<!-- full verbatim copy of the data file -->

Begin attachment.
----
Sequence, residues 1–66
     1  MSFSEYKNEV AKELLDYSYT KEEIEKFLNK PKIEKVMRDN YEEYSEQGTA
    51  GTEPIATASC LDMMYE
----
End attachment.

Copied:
Sequence, residues 1–66
     1  MSFSEYKNEV AKELLDYSYT KEEIEKFLNK PKIEKVMRDN YEEYSEQGTA
    51  GTEPIATASC LDMMYE